Hartford Casualty issued to Stravina two umbrella liability policies (the "99- 00 and 01-02 Umbrella Policies") that provided coverage for damages resulting from "advertising injury" that are in excess of the coverage provided by the "underlying insurance." The "underlying insurance" referred to in the 99-00 and 01-02 Umbrella Policies are respectively the 99-00 and 01-03 Hartford Insurance Primary Policies. However, both Umbrella Policies state that they do not apply for "advertising injury" unless the " 'underlying insurance' is applicable to" the "advertising injury ." Because we have already determined that the Primary Policies do not provide coverage for the AI and BB Litigation, there is no coverage or duty to defend under the Umbrella Policies.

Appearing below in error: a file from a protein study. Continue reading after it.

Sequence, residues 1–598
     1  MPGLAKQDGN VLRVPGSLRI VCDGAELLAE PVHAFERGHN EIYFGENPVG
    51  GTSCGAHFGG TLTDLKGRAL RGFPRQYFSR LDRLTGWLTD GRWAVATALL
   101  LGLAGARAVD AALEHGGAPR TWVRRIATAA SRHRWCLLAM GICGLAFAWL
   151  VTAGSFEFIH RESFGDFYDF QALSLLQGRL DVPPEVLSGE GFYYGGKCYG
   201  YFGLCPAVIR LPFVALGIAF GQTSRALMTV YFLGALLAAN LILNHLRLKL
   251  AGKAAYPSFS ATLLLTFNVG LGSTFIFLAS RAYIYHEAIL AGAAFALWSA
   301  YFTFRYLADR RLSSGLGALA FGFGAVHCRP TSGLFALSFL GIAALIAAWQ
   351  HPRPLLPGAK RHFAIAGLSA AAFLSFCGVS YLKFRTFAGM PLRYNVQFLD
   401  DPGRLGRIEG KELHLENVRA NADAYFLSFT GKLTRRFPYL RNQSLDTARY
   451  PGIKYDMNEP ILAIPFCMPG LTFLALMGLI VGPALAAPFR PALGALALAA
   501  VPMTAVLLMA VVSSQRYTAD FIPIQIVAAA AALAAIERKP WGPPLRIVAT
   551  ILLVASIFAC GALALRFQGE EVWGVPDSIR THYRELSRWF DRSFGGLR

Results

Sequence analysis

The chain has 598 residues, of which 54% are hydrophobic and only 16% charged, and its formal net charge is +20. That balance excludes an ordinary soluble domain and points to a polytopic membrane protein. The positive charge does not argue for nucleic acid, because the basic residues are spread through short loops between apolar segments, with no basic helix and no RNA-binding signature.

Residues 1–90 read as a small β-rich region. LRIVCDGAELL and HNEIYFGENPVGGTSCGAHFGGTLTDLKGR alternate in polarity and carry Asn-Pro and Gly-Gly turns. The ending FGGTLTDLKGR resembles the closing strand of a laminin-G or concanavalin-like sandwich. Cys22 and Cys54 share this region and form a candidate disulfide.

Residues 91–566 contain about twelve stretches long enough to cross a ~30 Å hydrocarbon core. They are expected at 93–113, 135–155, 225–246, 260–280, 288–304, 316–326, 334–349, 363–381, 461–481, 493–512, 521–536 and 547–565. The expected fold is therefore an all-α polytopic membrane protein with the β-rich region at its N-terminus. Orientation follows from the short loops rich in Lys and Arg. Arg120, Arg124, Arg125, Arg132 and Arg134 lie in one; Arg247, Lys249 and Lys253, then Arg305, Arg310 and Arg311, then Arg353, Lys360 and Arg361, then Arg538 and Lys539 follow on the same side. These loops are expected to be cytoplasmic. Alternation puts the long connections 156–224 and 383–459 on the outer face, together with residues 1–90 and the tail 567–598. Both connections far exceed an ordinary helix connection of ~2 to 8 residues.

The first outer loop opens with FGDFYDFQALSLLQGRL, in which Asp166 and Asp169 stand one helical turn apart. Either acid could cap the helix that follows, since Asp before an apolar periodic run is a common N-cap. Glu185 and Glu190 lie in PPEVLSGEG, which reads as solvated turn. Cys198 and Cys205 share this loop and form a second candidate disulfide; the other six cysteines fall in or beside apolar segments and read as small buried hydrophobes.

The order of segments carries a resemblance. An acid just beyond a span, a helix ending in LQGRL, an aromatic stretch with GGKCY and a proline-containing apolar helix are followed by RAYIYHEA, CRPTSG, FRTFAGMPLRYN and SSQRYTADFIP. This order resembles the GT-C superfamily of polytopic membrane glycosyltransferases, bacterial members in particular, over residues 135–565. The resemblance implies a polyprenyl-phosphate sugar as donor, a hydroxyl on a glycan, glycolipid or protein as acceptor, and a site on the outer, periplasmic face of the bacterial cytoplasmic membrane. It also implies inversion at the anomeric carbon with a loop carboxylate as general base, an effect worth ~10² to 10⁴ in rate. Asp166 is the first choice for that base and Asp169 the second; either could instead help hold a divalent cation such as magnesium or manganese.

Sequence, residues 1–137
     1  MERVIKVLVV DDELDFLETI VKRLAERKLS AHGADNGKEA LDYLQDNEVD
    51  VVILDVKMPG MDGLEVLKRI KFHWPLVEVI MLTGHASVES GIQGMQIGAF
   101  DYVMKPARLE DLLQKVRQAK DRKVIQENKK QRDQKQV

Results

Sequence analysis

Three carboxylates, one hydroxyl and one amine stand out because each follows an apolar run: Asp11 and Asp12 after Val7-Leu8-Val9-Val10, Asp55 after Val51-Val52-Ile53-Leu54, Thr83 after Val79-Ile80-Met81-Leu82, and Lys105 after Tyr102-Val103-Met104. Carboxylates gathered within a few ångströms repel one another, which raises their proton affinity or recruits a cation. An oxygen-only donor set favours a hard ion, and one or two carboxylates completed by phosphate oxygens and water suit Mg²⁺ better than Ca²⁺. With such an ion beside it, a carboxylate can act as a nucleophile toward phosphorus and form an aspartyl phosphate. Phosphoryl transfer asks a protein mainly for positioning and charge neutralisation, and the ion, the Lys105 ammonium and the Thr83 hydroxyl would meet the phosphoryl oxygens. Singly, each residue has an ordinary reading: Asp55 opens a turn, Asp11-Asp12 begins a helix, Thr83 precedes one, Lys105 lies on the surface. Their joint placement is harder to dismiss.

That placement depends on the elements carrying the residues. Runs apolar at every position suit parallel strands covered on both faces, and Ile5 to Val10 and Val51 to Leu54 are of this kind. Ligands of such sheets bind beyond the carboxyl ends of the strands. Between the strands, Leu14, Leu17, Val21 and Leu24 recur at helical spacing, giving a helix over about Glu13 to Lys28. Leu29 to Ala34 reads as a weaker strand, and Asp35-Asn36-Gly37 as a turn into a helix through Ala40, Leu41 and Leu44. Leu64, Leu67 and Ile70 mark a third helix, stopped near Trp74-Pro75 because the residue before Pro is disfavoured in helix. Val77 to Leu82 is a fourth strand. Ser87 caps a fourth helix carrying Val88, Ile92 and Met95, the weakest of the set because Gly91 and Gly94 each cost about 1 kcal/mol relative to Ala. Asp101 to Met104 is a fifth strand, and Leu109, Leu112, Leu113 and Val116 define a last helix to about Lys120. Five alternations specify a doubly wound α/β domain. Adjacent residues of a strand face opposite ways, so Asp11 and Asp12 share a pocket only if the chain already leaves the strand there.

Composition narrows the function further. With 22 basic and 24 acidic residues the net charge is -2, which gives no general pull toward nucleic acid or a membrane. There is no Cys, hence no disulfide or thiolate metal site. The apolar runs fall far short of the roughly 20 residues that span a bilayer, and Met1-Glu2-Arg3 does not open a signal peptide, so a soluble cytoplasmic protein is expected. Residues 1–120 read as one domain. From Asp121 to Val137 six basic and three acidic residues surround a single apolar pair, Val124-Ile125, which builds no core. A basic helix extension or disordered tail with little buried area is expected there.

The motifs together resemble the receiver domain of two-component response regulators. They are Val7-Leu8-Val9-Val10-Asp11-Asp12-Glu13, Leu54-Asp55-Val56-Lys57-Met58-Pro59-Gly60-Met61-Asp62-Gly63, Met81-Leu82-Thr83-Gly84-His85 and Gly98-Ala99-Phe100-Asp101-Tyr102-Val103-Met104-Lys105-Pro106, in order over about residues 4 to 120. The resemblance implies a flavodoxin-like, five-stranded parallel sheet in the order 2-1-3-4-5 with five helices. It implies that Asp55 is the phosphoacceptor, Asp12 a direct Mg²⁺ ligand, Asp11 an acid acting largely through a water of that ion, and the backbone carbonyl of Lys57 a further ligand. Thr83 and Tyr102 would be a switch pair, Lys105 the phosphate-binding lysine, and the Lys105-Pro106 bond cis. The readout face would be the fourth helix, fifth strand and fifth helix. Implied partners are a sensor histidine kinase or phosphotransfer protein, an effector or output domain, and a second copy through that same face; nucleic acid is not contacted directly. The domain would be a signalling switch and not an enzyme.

2(c). The Great American Umbrella Policy
Great American issued a commercial excess liability umbrella policy (the "Great American Policy") to Stravina that covered the period from November 22, 2000, through November 22, 2001. The Great American Policy provides coverage for "advertising injury" and mandates a duty to defend when one of the two following conditions are met:
1. [T]he applicable Limits of Insurance of the underlying policies listed in the Schedule of Underlying Insurance and the Limits of Insurance of any other insurance providing coverage to [Stravina] have been exhausted by actual payment of "claims" for any "occurrence" to which this policy applies; or
2. [D]amages are sought for any "occurrence" which is covered by this policy but not covered by any underlying policies listed in the Schedule of Underlying Insurance or any other insurance providing coverage to [Stravina.]
*8 The "Schedule of Underlying Insurance" referred to above in the Great American Policy names the Hartford Insurance 00-01 Primary Policy as an "underlying policy."